Questions within the process

Once the board has achieved consensus about goals and the overall path forward, it’s helpful to then draft, discuss and debate the questions to be asked within the process. Considering the past, present and likely future of a CEO’s role and his or her past, present and likely future performance can be a helpful lens through which to consider how the extent to which the CEO has, or has not, successfully navigated external challenges or made the right internal changes.

Perhaps the CEO added substantial value in a previous stage of the company’s lifecycle or growth but is having, or may soon have, challenges taking the company to the next level.

The board should ask itself, and gather feedback from others, about the following questions.

• How do you define the role of the CEO?

• How would you evaluate the CEO’s current success in the role as you have defined it?

• What are the CEO’s strengths in the role and what value does he or she add?

• What are the CEO’s development areas in the role and what additional value could he or she potentially add?

• How has the CEO’s role been evolving and how does it need to further evolve?

• What else would you suggest the CEO do in order to achieve greater future success in the evolving role as you have described it?

• Any other feedback or suggestions?

The answers to the second set of questions can help the board determine whether the CEO is on the right track and has the right skill set and approach to continue to successfully lead, whether he or she needs some kind of intervention, coaching or other support to get back on track and improve his or her leadership and management, or whether the CEO no longer is likely to be successful in the role.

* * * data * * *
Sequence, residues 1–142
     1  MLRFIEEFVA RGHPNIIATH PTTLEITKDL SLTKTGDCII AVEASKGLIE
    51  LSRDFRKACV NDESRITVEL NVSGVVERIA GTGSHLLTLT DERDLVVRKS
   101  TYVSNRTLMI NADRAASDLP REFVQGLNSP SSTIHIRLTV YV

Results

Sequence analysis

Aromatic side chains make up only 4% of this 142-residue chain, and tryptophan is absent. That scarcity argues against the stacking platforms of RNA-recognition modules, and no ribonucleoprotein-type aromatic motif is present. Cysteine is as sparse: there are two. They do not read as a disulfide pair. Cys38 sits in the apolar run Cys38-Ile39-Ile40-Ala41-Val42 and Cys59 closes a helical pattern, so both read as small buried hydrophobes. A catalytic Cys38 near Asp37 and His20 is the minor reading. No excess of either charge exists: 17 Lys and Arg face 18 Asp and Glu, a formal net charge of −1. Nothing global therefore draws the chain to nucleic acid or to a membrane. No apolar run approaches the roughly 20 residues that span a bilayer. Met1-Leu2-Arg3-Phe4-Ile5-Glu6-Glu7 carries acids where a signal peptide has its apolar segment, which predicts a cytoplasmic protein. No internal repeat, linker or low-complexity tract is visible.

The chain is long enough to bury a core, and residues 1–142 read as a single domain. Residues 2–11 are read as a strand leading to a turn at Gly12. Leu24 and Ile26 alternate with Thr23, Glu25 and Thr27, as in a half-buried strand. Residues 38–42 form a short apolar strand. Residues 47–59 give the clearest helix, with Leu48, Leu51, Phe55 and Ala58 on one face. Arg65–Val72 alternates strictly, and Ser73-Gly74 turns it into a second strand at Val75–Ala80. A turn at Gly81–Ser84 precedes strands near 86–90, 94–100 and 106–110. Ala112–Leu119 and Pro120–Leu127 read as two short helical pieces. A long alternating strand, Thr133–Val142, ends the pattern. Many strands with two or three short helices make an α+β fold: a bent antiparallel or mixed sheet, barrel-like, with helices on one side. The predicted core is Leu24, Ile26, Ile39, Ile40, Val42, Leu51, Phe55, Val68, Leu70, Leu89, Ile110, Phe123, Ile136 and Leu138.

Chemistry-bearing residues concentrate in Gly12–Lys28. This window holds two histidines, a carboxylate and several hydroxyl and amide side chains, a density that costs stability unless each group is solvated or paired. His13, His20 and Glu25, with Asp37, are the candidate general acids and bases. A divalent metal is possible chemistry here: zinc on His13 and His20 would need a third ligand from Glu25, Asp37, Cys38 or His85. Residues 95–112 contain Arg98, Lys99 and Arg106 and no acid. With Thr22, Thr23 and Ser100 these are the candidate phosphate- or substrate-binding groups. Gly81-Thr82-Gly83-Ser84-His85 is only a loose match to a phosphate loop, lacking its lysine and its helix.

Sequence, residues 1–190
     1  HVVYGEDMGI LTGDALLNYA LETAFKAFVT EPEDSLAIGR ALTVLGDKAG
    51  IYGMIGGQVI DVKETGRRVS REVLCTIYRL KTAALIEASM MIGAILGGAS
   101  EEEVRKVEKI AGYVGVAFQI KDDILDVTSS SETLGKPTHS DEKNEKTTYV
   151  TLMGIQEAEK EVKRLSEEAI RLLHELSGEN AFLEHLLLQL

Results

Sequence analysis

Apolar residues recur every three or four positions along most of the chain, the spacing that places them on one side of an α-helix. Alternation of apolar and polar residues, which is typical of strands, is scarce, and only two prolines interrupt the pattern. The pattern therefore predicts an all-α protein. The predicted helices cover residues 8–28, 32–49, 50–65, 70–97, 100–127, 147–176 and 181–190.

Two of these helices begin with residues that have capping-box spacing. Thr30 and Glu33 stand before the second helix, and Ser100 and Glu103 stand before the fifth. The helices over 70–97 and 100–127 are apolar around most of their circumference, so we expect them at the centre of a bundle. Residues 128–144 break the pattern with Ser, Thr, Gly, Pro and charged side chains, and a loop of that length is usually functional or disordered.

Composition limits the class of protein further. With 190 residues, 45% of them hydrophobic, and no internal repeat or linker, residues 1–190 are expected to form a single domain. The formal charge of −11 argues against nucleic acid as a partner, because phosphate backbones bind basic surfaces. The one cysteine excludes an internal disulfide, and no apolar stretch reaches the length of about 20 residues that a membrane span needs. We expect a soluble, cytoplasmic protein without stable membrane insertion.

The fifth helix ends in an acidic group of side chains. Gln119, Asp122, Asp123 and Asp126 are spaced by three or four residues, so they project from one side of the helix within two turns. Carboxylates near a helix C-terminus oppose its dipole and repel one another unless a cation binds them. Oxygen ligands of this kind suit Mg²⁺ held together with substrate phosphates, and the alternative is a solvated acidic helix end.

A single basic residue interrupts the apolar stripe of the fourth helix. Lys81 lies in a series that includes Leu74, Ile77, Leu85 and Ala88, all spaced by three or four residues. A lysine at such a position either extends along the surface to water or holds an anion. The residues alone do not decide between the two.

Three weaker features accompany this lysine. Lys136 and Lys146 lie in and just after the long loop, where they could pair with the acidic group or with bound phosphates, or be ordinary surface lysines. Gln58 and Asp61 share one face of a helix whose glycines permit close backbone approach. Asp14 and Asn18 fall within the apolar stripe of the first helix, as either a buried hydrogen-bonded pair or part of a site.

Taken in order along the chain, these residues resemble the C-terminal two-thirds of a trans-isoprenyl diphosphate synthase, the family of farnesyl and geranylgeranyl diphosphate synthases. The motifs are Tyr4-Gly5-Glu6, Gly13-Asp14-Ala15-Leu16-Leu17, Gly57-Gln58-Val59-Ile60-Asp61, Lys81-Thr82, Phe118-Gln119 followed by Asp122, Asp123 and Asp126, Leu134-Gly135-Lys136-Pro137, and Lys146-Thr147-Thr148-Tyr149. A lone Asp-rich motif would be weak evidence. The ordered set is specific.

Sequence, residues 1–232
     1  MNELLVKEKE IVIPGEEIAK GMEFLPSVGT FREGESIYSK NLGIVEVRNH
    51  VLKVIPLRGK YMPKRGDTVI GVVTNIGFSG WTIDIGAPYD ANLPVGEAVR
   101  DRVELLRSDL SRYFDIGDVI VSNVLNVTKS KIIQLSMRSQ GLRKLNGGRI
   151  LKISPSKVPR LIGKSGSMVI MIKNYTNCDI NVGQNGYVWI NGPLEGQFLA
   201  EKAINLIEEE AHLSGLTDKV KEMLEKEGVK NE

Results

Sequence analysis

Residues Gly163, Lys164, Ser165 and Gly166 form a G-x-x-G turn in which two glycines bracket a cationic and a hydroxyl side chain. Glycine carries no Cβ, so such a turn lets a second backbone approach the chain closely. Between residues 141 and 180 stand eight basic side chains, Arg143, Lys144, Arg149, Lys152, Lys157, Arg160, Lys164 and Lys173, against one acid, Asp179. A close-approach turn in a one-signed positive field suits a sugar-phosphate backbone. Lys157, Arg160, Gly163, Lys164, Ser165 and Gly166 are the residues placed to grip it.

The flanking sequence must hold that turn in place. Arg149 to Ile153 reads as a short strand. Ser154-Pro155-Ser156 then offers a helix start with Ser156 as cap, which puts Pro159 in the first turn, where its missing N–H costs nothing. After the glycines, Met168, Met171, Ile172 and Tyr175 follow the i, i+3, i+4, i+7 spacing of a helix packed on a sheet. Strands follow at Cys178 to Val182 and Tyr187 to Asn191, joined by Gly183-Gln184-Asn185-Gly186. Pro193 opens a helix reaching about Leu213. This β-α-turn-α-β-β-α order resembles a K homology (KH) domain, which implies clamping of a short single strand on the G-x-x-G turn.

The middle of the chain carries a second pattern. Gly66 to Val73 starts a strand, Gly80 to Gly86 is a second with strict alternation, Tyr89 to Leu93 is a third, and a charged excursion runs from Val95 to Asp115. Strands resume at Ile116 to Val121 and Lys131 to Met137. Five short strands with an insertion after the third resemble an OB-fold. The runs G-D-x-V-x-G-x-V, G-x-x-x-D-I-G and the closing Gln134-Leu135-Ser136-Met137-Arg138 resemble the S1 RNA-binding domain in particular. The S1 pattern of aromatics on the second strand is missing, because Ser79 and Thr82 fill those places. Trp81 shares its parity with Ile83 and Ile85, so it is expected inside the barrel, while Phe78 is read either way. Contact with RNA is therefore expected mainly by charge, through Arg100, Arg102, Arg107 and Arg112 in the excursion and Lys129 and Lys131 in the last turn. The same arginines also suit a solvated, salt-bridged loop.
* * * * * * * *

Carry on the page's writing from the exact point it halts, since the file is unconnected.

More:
The board can also get feedback about what it can do better or differently in order to create conditions that make success more likely. A productive process simultaneously combines a rigorous evaluation of the CEO in the role with an openness to considering alternative paths forward.

Ben Dattner is an executive coach and organizational development consultant, and the founder of New York City-based Dattner Consulting, LLC. You can follow him on Twitter at @bendattner. He also serves as a board member for Peerless Electronics.

 


Issue: 
2018 Fourth Quarter

Other related articles

  • When the CEO Has To Go
    Published January 07, 2019
    By Davia Temin
    Best practices when sending a pink slip to the corner office.With the explosion of the #MeToo movement, CEOs — like other executives — are being accused of sexual harassment or inappropriate behav ...
  • Director Data 4th Quarter
    Published January 04, 2019
    By Directors and Boards
    CEO TrendsRecord number of CEOs reached retirement age• In 2017, nearly 17% of sitting CEOs reached retirement age (64 or older). That’s the highest rate since we began tracking successions.Outsid ...
  • Lead Director = Chief Process Leader
    Published January 02, 2019
    By Eve Tahmincioglu
    In the The CEO’S Boss:  Tough Love in the Boardroom published in 2010, Columbia Business School management professor William Klepper, predicted that “lead independent directors will become th ...
  • The Content of America’s Character
    Published January 02, 2019
    By Robert H. Rock
    As I have done for the past 25 years, I delivered to my family a “Thanksgiving Day Address,” which this year focused on “The Content of America’s Character.”  America’s character anim ...